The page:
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Mailer sells papers to University of Texas

AUSTIN, Texas, April 25 (UPI) -- Pulitzer Prize-winning author Norman Mailer has sold his papers to the University of Texas for $2.5 million.

The Almanac

Today is Monday, Jan. 31, the 31st day of 2005 with 334 to follow.
By United Press International

Norman Mailer in TV guest spot

LOS ANGELES, Oct. 22 (UPI) -- Norman Mailer, who once said he hates sitcoms, will guest-star on an upcoming episode of The WB series "Gilmore Girls," the Los Angeles Times said Friday.

The Almanac

Today is Saturday, Jan. 31, the 31st day of 2004 with 335 to follow.

Book Review: A 'Wife' for all seasons

In her robustly satisfying new novel, "The Wife," Meg Wolitzer throws open the door and invites readers across the threshold smack into the married life of Joe and Joan Castleman.
JESSIE THORPE, United Press International

Assignment America: Boxing defined

NEW YORK, April 29 (UPI) -- There's a moment in almost every boxing match when blood starts to flow, and from that point on the contest becomes focused -- at least from the outside -- on w
JOHN BLOOM, UPI Reporter-at-Large

Matthew Barney film-related art displayed

NEW YORK, April 3 (UPI) -- To visit Matthew Barney's exhibition of films and film-related art at the Guggenheim Museum is to step into this American artist's surreal world of erotic myth
FREDERICK M. WINSHIP

People

Although they might do as many stars have done, say "goodbye" repeatedly, the Eagles say their upcoming tour will be their last.
DENNIS DAILY, United Press International

The Almanac

Today is Friday, Jan. 31, the 31st day of 2003 with 334 to follow.
By United Press International

Gizmorama: Life in the Tech Age

No argument, the wheel is a wonderful thing and each succeeding generation seems to find a new use for it -- witness those annoying motorized mini-scooters the neighborhood kids are zipping around on.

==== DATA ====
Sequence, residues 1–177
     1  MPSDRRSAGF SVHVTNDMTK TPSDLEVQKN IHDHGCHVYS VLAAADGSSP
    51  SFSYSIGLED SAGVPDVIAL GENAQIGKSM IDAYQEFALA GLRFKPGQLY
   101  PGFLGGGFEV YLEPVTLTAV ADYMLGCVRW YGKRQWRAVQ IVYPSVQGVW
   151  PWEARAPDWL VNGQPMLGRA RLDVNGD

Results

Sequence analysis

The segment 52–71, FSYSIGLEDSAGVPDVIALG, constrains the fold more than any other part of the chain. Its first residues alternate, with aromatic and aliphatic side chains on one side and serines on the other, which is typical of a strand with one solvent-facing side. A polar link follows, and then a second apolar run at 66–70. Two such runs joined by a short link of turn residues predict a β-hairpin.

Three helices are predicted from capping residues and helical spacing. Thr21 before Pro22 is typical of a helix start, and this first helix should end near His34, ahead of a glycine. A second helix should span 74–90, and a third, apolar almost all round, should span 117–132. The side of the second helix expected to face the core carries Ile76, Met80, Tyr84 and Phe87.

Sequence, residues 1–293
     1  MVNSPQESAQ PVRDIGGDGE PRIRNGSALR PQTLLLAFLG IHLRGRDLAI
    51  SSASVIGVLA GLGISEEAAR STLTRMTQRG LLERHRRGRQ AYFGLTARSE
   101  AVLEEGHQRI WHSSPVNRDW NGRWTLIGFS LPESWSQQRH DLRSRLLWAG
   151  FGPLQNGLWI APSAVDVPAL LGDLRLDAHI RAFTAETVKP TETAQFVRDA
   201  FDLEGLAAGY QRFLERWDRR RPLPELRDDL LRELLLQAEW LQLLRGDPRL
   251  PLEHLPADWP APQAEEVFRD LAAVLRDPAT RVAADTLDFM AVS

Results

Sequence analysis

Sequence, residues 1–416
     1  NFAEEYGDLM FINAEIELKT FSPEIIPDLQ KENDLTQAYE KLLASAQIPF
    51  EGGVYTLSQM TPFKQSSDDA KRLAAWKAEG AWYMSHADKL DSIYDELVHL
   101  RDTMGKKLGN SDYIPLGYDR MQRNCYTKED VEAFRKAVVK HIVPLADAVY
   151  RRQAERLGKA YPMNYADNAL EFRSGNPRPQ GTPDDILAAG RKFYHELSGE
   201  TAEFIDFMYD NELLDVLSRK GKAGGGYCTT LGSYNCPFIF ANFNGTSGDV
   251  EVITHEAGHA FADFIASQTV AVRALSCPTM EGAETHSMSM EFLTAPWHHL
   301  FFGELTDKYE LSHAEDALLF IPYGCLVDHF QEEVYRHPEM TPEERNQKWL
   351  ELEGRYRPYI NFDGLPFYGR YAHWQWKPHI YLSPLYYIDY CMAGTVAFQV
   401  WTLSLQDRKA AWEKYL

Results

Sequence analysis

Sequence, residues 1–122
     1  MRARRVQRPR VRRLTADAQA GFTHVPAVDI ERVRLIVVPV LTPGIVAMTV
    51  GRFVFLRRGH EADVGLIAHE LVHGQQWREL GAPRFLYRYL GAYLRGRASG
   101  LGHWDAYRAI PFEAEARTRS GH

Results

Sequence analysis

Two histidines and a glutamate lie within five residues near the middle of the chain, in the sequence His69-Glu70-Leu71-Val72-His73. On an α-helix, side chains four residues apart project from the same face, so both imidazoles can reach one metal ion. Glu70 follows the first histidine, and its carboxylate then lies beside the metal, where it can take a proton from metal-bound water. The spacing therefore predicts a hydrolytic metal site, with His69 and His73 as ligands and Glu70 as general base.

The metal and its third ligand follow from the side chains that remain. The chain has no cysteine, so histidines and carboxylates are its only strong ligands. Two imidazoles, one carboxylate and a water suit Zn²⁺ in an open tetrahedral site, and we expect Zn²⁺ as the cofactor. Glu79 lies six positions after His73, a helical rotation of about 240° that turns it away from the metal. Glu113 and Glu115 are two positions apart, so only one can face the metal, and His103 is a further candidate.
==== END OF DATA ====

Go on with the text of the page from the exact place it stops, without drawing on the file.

WES STEWART, United Press International

Washington Agenda-General

For content questions, call 202-898-8291
By United Press International

Think Tanks Wrap-up

WASHINGTON, March 22 (UPI) -- The UPI Think Tank wrap-up is a daily digest covering brief opinion pieces, reactions to recent news events and position statements released by various think ta

Think Tanks Wrap-up

WASHINGTON, March 22 (UPI) -- The UPI Think Tank wrap-up is a daily digest covering brief opinion pieces, reactions to recent news events and position statements released by various think ta

The Almanac

Today is Thursday, Jan. 31, the 31st day of 2002 with 334 to follow. The moon is waning, moving toward its last quarter.
By United Press International

Commentary: Tina Brown's Talk goes silent

WASHINGTON, Jan. 21 (UPI) -- Perhaps the most stunning remark to emerge from the death of Talk, the magazine Tina Brown conceived, shaped and ruined was uttered by the once redoubtable edit
JUDY BACHRACH
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Photos
Norman Mailer
Author Norman Mailer, shown in this April 30, 2002 file photo at a New York Barnes and Noble book store, has died at the age of 84 in New York City on November 10, 2007. The two time Pulitzer Prize winner died of acute renal failure. (UPI Photo/Ezio Peterson)
Wiki

Norman Kingsley Mailer (January 31, 1923 – November 10, 2007) was an American novelist, journalist, essayist, poet, playwright, screenwriter and film director.

Along with Truman Capote, Joan Didion, Hunter S. Thompson, John McPhee, and Tom Wolfe, Mailer is considered an innovator of narrative nonfiction, a genre sometimes called New Journalism, which superimposes the essay onto the nonfiction novel. He was awarded the Pulitzer Prize twice and the National Book Award once. In 1955, Mailer, together with Ed Fancher and Dan Wolf, first published The Village Voice, which began as an arts and politics oriented weekly newspaper distributed in Greenwich Village. In 2005, he won the Medal for Distinguished Contribution to American Letters from the National Book Foundation.

Norman Kingsley Mailer was born to a well-known Jewish family in Long Branch, New Jersey. His father, Isaac Barnett Mailer, was a South African-born accountant, and his mother, Fanny Schneider, ran a housekeeping and nursing agency. Mailer's sister, Barbara, was born in 1927. Raised in Brooklyn, New York, he graduated from Boys' High School and entered Harvard University in 1939, where he studied aeronautical engineering. At Harvard, he became interested in writing and published his first story at the age of 18, winning Story Magazine's college contest in 1941. As an undergraduate, he was a member of The Signet Society. After graduating in 1943, he was drafted into the U.S. Army. In World War II, he served in the Philippines with the 112th Cavalry. He was not involved in much combat and completed his service as a cook, but the experience provided enough material for The Naked and the Dead.

This article is licensed under the GNU Free Documentation License.
It uses material from the Wikipedia article "Norman Mailer."
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